You are not your failures

I remember a day last year when one of the guys walked into Huckletree without greeting me in his normal chirpy way. And I remember the same thing happening the next day and the next and the day after that, to the point where reverting to that old chirpy greeting would no longer have seemed ‘normal’ at all.

It’s a difficult thing, watching someone you care about fall into crisis mode in silence. I’ve seen many of my friends in the same state. I’ve been in that state. And of course — having been there myself — I would try to get them to talk about it, but there are times when we just don’t want to talk to anyone.

There are moments when it seems too scary to admit that our grand plan might not be going as we hoped. It’s as though saying it out loud might just be enough to make it real and seal our fate.

Through some cruel twist of nature, those moments are the ones when we most need the support.

Failure feels uncontrollable

In an attempt to satisfy that need, failure is discussed ad nauseam in the startup world. Often, however, the raw emotion of it is kept hidden by a prescriptive framework like the post-mortem. To fail and publicly dissect one’s failure is almost a rite of passage amongst entrepreneurs.

For some it’s a way of taking control of the story after it’s all fallen apart. For others it’s one last little ego stroke to ease the pain while they’re questioning their value.

Compared to all these ambitious projects that wind up in the metaphorical morgue, I can’t help but think that my own failures aren’t even good enough to merit a eulogy. It’s hardly surprising to fail occasionally when trying to build an entire empire from a dream, or in flying an expedition to Mars.

In my life though, failure looks more mundane — like that time I misinterpreted a client brief and worked my ass off to unwittingly drive the project in the wrong direction, setting the whole team back a week. Hardly seems worth talking about, yet it affected me and as it turns out, resonates with a lot of people.

So while it’s great that so many brave people are talking about their grand failures, the startup post-mortem doesn’t change the way our understanding of failure impacts us on a daily basis.

The fact remains that we can never be sure of the outcome when exploring unchartered territory, no matter how significant its potential.

What we can be sure of, however, is that there is some risk of failure. That’s not a bad thing though, unless it leaves you in fear.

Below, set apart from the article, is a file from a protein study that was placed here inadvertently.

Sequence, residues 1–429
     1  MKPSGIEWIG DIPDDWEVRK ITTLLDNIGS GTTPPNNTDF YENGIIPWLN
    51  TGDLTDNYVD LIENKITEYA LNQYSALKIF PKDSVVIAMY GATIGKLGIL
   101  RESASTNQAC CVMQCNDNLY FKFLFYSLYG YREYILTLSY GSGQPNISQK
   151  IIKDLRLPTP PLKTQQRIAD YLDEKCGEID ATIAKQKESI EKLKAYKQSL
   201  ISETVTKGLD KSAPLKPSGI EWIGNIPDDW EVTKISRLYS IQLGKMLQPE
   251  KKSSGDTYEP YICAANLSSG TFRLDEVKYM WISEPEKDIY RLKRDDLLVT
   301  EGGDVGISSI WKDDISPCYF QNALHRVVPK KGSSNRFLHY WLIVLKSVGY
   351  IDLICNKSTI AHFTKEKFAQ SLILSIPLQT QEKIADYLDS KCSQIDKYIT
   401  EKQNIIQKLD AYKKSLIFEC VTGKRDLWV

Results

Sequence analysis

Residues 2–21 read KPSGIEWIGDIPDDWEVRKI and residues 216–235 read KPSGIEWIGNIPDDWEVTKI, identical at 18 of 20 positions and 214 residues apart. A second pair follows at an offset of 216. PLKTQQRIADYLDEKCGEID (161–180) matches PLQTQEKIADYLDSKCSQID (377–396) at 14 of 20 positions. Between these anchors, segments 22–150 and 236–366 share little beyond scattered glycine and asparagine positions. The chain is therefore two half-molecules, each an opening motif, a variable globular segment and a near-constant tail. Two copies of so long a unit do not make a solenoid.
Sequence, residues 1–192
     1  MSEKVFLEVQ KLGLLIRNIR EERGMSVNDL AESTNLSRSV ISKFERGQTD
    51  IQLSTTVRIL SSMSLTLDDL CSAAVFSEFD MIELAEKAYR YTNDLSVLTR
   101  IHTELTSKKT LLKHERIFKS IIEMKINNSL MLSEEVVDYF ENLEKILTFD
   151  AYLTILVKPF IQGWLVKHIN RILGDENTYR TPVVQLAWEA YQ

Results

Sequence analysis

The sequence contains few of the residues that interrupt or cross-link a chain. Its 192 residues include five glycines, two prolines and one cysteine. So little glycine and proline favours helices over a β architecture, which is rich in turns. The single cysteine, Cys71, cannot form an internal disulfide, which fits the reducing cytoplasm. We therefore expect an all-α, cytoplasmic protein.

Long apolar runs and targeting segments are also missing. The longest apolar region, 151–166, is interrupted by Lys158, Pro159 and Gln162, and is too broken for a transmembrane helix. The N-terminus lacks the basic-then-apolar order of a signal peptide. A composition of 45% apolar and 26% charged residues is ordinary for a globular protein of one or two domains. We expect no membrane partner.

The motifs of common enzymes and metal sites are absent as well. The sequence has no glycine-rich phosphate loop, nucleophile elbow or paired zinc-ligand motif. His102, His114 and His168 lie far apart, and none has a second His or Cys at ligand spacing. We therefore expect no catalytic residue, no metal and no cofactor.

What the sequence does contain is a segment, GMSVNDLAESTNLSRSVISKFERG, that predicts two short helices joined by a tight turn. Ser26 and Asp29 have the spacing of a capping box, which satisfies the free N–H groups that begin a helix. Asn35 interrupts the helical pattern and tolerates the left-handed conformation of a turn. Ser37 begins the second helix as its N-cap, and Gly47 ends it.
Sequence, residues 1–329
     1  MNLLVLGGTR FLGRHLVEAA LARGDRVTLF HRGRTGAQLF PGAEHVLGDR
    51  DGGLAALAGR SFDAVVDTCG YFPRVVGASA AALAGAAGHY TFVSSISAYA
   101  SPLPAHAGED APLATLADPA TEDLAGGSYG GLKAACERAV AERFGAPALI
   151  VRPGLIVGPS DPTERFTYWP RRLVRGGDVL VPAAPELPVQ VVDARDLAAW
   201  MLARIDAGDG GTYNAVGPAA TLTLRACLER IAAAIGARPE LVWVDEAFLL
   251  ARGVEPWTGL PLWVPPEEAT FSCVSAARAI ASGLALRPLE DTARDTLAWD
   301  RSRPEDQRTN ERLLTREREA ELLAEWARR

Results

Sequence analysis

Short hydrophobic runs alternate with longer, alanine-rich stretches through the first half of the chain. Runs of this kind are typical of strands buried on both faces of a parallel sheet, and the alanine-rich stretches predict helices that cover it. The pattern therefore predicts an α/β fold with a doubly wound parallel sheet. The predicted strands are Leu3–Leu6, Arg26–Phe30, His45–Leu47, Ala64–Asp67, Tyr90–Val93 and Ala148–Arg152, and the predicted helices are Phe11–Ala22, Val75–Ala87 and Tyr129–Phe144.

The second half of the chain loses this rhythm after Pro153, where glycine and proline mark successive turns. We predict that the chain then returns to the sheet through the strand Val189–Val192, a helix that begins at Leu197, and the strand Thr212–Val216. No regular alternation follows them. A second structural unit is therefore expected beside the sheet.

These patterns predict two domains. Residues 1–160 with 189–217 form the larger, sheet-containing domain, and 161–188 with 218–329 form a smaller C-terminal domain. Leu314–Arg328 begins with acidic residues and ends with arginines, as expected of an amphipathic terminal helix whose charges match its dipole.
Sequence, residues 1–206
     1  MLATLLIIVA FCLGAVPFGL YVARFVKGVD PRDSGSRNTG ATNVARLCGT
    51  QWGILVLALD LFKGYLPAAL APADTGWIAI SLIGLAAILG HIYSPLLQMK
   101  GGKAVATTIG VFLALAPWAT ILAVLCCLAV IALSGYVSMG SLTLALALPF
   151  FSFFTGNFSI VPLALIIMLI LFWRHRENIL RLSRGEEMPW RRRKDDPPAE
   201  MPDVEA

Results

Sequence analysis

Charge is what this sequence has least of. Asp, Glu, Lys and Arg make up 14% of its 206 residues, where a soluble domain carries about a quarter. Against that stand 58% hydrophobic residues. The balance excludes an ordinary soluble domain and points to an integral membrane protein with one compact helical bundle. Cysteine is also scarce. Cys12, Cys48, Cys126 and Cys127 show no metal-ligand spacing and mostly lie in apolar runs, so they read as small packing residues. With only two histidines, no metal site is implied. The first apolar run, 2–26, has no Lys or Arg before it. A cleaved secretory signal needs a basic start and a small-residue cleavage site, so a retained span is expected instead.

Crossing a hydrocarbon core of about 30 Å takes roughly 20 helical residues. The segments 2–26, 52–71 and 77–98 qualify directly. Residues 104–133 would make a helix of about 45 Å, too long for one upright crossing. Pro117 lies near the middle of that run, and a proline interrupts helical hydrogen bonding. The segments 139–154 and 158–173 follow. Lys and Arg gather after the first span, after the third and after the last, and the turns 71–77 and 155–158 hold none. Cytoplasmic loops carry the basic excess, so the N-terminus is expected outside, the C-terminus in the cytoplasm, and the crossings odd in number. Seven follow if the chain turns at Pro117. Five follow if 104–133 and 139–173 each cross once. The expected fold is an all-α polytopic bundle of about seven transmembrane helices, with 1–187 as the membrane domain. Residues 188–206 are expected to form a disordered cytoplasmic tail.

“If you’re not prepared to be wrong, you’ll never come up with anything original” — Ken Robinson

Failure scares us

When we allow ourselves to be driven by the fear of failure, we build our strategy around avoiding it. We become defensive.

That’s where creative block comes from. In re-writing this article, for example, I became so focused on all the things I’d done wrong in the first iteration that I was all out of headspace to think of a new angle. The irony was not lost on me. James Routledge recently published a beautiful article on the same subject.

And yet — despite being aware of the limitations it imposes on our ability to invent, create and ideate — the fear of failure is remarkably hard to let go. What, exactly, are we so worried about?

It turns out that we’re not scared of failing per se, we’re scared of being seen as a failure.

Failure gets personal

All of this links back to ego. We get attached to it, to our self-image or the image of ourselves that we’ve tried to plant in the minds of others.

You might have painted a portrait of a person who’s reliable and creative and great at design or sales or Rails. Perhaps you’ve bonded your sense of self so strongly to your role as CEO that you can no longer imagine your world without the title. Or maybe you’re just so absorbed in a project that it’s become your baby.

As we hold that perfect picture more and more tightly, failure seems to pose a threat to our identity. We become protective of it, possessive. And if it does all go wrong despite our best efforts, we’ll fight to keep our deflated ego afloat by putting a positive spin on the story, rather than telling the world honestly how much it hurts to lose something we’d made so important.

But you are not your failures. Nor, I might add, your successes. All you’re doing is testing a hypothesis.

You will screw up sometimes, you might even fail, but that doesn’t make you a failure.

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